I’m feeling a little like an NAIS-bar-coded cow hitching a ride on this train. I bought my ticket in Tours this morning to go to Rosporden via Le Mans. The three-hour train from Le Mans is overbooked, but unlike when a flight is overbooked, they don’t ask for volunteers to take another flight. They just stuff you in the train car, whether or not you have a seat.
I had 12 minutes to catch my connection in Le Mans, which is a connection time I’m comfortable with. I thought that with that amount of time, I could even find a seat—certainly there will be people boarding more last-minute than me. I didn’t plan on my first train to leave Tours 10 minutes late. I went into normal, impatient Lisa mode. Sometimes I forget that I’m not living my former on-schedule life. I had to take a moment: What’s the worst that happens if I miss a train today? Maybe I don’t make it to my little port village tonight, so I lose out on my first night’s hostel reservation. The hostel is inexpensive enough that I booked four nights actually figuring on not using one of them, so it’s not the end of the world if I don’t get there tonight. Maybe I end up staying in Le Mans for a few hours or overnight, so I could have some wine and see the city. Maybe this delay is going to send me to a different place that’s even cooler than the one I was expecting to see.
It turns out, I didn’t have to deal with these scenarios, because the train from Tours pulled in to Le Mans with three minutes to spare. I had my first experience running to catch a train saddled with both my rucksack and my backpack. It was not fun. I know I’m out of shape for the 10k hashes I’ve been doing, but now I’m really thankful I don’t have to do them with 35 pounds strapped on me. I had to find car No. 20, but I just dove into the first car I came to on the platform, which happened to be car No. 8. That left me to battle through 12 jam-packed cars of people—and when you are dressed like a battering ram (backpack on the front, rucksack on the back), making your way through a crowd really is battling.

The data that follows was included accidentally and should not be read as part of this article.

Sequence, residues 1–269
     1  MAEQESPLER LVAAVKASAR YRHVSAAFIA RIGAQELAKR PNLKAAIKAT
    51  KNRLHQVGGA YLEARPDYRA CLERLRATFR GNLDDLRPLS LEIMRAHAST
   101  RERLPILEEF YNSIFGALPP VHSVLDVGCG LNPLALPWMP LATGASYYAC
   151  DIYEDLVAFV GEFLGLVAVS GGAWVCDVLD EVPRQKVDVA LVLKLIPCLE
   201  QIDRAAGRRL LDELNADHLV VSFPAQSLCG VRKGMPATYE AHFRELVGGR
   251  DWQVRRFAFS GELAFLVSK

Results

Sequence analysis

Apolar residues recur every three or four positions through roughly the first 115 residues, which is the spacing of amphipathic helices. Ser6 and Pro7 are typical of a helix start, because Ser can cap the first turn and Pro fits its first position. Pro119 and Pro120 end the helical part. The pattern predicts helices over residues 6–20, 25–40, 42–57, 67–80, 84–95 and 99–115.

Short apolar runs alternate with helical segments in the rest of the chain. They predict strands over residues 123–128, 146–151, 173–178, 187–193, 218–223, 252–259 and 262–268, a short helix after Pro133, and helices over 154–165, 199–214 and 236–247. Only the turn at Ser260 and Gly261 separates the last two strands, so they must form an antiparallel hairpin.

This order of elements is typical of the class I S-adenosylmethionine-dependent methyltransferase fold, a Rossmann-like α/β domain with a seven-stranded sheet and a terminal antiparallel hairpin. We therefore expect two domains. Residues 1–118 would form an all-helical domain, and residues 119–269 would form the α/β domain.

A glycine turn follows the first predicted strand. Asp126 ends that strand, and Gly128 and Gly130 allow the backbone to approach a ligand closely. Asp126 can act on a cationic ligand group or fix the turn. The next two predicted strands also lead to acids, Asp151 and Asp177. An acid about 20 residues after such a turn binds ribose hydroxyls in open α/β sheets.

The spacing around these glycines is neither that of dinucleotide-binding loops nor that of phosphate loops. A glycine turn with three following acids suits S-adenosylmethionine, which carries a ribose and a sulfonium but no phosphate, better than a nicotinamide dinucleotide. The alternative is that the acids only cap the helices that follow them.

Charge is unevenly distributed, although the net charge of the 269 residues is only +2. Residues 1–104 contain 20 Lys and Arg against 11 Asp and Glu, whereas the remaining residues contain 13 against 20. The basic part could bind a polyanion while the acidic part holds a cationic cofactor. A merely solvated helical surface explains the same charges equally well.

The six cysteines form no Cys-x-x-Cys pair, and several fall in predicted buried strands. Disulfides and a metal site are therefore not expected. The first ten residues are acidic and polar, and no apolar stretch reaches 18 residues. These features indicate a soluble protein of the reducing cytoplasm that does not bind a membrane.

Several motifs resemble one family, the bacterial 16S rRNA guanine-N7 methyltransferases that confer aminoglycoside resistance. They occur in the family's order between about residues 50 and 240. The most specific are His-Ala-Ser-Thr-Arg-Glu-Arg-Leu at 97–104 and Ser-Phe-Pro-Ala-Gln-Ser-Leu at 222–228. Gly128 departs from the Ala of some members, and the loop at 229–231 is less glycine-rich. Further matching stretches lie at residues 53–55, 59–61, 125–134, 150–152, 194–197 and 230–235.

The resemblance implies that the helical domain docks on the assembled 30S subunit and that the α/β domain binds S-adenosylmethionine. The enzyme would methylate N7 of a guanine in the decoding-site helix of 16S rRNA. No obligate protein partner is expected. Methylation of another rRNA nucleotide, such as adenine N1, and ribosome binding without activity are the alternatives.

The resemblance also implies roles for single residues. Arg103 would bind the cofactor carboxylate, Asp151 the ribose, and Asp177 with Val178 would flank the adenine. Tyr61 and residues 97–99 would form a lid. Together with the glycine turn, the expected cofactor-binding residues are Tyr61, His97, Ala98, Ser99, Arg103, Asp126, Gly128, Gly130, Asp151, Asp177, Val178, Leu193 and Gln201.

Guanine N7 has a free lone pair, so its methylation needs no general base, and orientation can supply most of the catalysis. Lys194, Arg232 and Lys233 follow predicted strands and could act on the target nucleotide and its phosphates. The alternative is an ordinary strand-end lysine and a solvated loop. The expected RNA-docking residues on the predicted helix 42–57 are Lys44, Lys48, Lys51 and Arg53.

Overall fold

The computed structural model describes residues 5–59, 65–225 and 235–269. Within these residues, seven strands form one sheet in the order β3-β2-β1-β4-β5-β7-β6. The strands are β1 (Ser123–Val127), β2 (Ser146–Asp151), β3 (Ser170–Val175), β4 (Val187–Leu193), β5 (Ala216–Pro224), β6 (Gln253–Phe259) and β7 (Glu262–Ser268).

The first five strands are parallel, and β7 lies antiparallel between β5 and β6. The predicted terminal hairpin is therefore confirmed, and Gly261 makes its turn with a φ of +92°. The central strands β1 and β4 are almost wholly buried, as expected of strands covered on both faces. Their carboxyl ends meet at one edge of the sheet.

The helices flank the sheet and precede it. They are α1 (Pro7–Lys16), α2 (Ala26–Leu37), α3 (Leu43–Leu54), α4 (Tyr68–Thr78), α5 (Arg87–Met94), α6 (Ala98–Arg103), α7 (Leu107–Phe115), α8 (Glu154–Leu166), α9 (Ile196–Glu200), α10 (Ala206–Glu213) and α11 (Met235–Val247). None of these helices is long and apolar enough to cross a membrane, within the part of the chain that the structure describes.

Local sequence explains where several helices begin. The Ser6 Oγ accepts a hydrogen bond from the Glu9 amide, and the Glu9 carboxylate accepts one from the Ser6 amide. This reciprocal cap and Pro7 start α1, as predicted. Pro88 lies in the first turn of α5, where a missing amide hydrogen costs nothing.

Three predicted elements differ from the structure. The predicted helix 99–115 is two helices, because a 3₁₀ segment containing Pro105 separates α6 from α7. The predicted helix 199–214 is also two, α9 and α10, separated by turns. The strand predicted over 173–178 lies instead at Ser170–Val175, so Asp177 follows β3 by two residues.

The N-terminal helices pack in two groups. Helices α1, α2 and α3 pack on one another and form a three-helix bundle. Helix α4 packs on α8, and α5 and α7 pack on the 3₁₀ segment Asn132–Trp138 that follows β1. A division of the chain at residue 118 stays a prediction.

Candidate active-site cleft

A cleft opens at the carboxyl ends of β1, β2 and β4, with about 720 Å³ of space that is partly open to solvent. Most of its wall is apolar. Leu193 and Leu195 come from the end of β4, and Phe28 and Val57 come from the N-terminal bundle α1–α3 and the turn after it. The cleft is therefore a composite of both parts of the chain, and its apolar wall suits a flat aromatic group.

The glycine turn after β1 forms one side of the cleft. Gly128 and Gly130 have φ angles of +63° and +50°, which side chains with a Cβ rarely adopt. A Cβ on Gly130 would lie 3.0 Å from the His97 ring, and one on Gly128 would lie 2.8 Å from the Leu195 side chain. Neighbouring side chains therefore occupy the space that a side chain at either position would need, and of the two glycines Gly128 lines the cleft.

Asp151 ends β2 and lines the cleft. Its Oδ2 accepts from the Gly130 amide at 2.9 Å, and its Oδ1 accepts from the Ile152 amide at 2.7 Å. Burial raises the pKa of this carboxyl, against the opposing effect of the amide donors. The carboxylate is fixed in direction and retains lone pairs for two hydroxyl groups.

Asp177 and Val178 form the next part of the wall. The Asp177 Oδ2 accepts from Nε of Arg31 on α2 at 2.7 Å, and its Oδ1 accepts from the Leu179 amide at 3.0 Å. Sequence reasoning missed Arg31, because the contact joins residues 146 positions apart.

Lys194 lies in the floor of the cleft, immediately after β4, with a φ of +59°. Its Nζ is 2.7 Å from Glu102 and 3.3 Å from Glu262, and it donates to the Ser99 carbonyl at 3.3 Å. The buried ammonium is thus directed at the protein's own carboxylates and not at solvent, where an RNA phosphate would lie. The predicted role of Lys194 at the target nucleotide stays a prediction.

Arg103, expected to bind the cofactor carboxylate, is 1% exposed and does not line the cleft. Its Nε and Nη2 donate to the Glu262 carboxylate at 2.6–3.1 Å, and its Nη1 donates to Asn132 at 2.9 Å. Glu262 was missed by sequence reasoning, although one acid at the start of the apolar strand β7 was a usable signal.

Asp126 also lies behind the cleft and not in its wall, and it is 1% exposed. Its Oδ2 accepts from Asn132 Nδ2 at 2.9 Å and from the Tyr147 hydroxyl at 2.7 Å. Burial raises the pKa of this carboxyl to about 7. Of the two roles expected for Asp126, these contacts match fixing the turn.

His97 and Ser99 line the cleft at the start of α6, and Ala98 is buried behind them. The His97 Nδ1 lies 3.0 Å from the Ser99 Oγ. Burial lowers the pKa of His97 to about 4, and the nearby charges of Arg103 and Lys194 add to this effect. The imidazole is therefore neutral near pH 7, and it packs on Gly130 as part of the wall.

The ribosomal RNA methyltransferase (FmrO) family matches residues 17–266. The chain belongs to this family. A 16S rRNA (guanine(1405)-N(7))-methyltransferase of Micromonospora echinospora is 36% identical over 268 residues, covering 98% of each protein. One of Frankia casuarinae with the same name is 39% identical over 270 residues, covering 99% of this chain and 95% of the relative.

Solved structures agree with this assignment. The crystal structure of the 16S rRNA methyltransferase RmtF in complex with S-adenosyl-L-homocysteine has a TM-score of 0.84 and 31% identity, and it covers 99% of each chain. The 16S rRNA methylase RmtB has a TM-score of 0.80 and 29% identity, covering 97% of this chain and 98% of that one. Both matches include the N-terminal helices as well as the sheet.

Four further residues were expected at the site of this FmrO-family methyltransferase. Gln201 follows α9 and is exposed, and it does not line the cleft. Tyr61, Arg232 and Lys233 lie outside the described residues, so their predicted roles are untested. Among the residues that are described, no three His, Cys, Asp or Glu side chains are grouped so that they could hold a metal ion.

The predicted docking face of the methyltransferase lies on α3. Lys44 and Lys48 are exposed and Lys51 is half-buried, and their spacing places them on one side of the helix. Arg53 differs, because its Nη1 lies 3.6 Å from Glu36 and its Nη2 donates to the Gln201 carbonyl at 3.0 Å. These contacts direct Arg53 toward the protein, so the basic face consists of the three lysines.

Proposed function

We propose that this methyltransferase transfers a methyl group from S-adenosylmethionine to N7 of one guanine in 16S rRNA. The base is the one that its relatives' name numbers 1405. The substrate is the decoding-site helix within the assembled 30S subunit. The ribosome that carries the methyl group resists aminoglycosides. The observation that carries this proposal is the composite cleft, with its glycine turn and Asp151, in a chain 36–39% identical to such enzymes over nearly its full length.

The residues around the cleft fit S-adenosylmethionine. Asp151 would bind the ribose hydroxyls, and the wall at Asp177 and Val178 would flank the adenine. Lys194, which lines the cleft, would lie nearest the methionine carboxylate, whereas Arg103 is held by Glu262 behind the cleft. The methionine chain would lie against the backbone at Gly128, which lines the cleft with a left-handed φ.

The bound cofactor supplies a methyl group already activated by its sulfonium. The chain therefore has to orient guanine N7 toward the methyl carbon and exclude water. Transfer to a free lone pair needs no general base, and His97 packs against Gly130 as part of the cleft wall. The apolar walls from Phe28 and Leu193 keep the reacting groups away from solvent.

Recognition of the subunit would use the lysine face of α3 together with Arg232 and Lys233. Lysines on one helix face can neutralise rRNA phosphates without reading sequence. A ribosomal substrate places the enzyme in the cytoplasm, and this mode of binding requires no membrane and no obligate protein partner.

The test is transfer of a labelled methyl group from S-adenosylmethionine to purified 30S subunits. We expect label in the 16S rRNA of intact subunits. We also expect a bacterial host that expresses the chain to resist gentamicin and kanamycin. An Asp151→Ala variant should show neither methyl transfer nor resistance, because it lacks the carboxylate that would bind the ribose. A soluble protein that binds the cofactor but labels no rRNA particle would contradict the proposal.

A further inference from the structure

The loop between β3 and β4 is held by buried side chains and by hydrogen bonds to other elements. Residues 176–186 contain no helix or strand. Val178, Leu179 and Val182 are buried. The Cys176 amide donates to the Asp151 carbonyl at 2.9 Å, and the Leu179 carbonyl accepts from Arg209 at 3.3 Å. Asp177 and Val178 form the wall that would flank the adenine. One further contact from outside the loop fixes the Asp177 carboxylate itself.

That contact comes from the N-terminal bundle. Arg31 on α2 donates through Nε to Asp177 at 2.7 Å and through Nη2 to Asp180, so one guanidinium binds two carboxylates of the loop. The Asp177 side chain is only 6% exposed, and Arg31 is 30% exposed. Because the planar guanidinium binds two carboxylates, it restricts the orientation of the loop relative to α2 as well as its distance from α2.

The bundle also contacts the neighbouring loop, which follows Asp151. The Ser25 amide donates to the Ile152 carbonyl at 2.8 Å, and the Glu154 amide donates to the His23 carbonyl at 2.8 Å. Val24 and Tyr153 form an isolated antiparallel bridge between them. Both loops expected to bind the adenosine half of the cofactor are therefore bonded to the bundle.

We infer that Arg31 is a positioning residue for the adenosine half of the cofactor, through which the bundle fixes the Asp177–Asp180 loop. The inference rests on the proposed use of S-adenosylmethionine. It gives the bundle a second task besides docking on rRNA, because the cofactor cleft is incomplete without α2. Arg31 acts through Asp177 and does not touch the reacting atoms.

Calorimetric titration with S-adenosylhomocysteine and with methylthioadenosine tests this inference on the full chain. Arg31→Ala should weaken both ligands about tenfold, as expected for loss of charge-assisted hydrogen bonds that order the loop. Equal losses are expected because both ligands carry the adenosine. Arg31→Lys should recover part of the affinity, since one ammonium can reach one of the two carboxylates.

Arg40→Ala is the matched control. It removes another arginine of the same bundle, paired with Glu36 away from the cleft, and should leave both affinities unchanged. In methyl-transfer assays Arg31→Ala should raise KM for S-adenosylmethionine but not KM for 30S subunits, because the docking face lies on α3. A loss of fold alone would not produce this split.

Somewhere on my way to car No. 20, after the train already took off, I was intercepted by the ticket checker. He was upset because I didn’t get my ticket stamped by the machine. I have no idea what machine he’s talking about, and he actually appeared mad and wanted to see my passport. This was interesting: I’ve not been asked for my passport since I entered continental Europe on May 7. Moving between European countries is like moving between U.S. states–no one cares where you go. I’m really not sure why I got checked like livestock.
Without an assigned seat on an overbooked train, I got to sit in that little, noisy, un-air-conditioned cubby space between cars that is normally reserved for bicycles and luggage. I was looking forward to seeing western France through expansive train windows. Instead, I get a porthole-sized view. I do like what little I can see—right now, hills on one side, a valley on the other—and I’ll be looking at the sea soon.
Postscript: I wrote this while on the train but didn’t have WiFi so am posting it after. After writing this, a French Marine joined me in the cubby-hole section of the train; then six others joined us, which left everyone standing; then I finally got a real seat in the train car with about 11 minutes left in my journey.